you steal from one author, it's plagiarism; if you steal from many, it's
Wilson Mizner, 1876-1933, American Author
This essay appeared in the Interdisciplinary Humanities Journal, Spring, 2012 and is available through EBSCO databases, including Academic Search Premier.
by Doré Ripley, ©2012
WRITING, or what was once called remediation, is filled with college students
who are uncomfortable with texts. They don't want to read them and they
don't want to write them because they haven't been successful with the
written word. So when students arrive to class with a graphic novel in
hand, they think, "This class is going to be easy." And that is my goal.
If students believe intensive reading and writing is going to be fairly
painless, they will relax long enough to think critically about what is
going on in the comic panels. Instead of parroting back written text,
they'll have to interpret the panels and add to the conversation already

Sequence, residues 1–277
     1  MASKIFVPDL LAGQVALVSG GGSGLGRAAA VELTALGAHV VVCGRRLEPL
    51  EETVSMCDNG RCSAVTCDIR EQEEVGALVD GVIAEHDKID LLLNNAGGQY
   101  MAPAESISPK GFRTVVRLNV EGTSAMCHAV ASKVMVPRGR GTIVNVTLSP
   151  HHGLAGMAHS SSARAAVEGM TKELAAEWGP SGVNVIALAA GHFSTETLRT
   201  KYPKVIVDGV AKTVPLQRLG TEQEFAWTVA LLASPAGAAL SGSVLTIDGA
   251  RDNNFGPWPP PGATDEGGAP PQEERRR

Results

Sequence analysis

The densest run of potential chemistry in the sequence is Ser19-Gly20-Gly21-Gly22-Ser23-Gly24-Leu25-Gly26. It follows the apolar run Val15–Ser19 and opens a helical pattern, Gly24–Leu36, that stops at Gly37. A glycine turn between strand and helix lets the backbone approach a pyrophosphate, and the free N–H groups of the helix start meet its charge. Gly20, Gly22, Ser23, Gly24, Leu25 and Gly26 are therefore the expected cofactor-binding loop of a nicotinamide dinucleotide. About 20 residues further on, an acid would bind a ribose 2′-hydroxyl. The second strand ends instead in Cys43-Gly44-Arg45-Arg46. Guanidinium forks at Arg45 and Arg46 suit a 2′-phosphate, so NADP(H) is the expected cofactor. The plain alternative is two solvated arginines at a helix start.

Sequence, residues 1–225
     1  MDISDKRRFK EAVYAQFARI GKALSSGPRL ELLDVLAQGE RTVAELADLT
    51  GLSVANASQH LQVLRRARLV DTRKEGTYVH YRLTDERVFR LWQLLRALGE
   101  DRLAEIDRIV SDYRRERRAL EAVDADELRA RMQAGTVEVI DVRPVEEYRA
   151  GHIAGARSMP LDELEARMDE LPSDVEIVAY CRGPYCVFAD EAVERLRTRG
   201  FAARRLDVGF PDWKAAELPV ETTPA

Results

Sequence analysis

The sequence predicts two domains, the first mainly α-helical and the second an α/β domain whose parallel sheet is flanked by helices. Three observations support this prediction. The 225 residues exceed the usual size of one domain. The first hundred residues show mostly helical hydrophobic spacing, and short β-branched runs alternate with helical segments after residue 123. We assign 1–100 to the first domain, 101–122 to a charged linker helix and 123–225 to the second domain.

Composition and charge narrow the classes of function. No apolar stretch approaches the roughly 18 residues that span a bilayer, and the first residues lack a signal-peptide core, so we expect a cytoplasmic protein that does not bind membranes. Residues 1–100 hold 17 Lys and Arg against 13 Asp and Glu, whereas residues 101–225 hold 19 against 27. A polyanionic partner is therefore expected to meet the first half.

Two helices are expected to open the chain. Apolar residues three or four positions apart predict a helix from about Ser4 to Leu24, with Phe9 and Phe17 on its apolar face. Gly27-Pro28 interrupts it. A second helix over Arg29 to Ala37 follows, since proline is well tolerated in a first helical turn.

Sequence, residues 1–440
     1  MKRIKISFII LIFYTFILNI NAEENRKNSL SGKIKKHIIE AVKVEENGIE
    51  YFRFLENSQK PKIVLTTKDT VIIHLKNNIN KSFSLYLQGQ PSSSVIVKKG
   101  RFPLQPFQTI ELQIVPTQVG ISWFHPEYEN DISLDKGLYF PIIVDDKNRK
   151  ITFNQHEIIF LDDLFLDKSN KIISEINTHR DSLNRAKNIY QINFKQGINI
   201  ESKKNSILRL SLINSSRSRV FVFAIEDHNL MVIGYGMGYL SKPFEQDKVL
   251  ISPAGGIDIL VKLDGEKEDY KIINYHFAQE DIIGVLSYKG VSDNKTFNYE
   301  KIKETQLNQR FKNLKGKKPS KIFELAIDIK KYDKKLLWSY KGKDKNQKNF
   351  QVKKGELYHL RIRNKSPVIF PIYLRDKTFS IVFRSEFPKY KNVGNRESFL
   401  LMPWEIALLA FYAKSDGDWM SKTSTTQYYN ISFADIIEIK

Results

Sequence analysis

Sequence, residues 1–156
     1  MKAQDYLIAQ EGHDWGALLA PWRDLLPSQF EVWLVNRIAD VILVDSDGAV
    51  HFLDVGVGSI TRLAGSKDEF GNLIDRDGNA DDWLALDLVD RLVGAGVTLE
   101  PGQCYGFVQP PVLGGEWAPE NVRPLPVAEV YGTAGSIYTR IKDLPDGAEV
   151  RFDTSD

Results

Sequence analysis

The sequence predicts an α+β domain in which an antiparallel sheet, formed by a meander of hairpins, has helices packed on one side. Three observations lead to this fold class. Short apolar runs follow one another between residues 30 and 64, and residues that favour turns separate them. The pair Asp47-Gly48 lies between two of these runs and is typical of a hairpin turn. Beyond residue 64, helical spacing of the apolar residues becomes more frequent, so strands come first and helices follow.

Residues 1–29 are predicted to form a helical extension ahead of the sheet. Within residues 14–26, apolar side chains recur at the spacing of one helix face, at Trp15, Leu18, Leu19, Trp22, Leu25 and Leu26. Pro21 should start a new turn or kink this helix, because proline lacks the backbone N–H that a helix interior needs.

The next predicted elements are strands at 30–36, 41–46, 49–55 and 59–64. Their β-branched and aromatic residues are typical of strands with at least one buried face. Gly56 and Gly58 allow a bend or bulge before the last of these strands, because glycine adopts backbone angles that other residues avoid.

taking place within the pages of a graphic novel. But readers of comics
must not only peruse speech bubbles, they must also decode images, creating
a rich interpretative source in a textually deficient medium. Students
must dig deep for responsive ideas and they must become comfortable interpreting
the visual/textual blend presented on the comic's page, the twentieth
century precursor of twenty-first century mediums where visuals are dominant,
a medium that can be interpreted and analyzed like any other text.
WANT TO READ MORE? Go to an EBSCO database such as Academic Search Premier for the full article.